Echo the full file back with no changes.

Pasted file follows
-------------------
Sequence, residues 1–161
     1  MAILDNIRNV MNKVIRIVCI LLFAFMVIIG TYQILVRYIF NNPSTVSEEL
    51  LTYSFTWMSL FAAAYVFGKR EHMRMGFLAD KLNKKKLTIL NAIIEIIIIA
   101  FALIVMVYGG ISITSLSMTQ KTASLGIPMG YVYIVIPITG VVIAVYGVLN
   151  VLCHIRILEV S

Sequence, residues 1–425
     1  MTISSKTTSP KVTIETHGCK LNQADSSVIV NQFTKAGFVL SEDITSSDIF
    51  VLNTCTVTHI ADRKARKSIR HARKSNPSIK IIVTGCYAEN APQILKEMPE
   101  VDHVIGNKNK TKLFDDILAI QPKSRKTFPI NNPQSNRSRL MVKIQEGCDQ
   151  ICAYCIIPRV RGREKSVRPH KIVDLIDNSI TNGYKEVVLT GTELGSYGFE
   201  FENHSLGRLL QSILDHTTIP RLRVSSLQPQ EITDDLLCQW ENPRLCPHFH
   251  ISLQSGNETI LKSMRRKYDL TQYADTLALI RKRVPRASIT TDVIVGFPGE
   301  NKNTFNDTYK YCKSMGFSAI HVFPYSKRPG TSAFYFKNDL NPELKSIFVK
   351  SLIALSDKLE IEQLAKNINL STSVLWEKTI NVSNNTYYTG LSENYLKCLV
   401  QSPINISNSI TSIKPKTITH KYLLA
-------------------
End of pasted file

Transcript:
Sequence, residues 1–161
     1  MAILDNIRNV MNKVIRIVCI LLFAFMVIIG TYQILVRYIF NNPSTVSEEL
    51  LTYSFTWMSL FAAAYVFGKR EHMRMGFLAD KLNKKKLTIL NAIIEIIIIA
   101  FALIVMVYGG ISITSLSMTQ KTASLGIPMG YVYIVIPITG VVIAVYGVLN
   151  VLCHIRILEV S

Sequence, residues 1–425
     1  MTISSKTTSP KVTIETHGCK LNQADSSVIV NQFTKAGFVL SEDITSSDIF
    51  VLNTCTVTHI ADRKARKSIR HARKSNPSIK IIVTGCYAEN APQILKEMPE
   101  VDHVIGNKNK TKLFDDILAI QPKSRKTFPI NNPQSNRSRL MVKIQEGCDQ
   151  ICAYCIIPRV RGREKSVRPH KIVDLIDNSI TNGYKEVVLT GTELGSYGFE
   201  FENHSLGRLL QSILDHTTIP RLRVSSLQPQ EITDDLLCQW ENPRLCPHFH
   251  ISLQSGNETI LKSMRRKYDL TQYADTLALI RKRVPRASIT TDVIVGFPGE
   301  NKNTFNDTYK YCKSMGFSAI HVFPYSKRPG TSAFYFKNDL NPELKSIFVK
   351  SLIALSDKLE IEQLAKNINL STSVLWEKTI NVSNNTYYTG LSENYLKCLV
   401  QSPINISNSI TSIKPKTITH KYLLA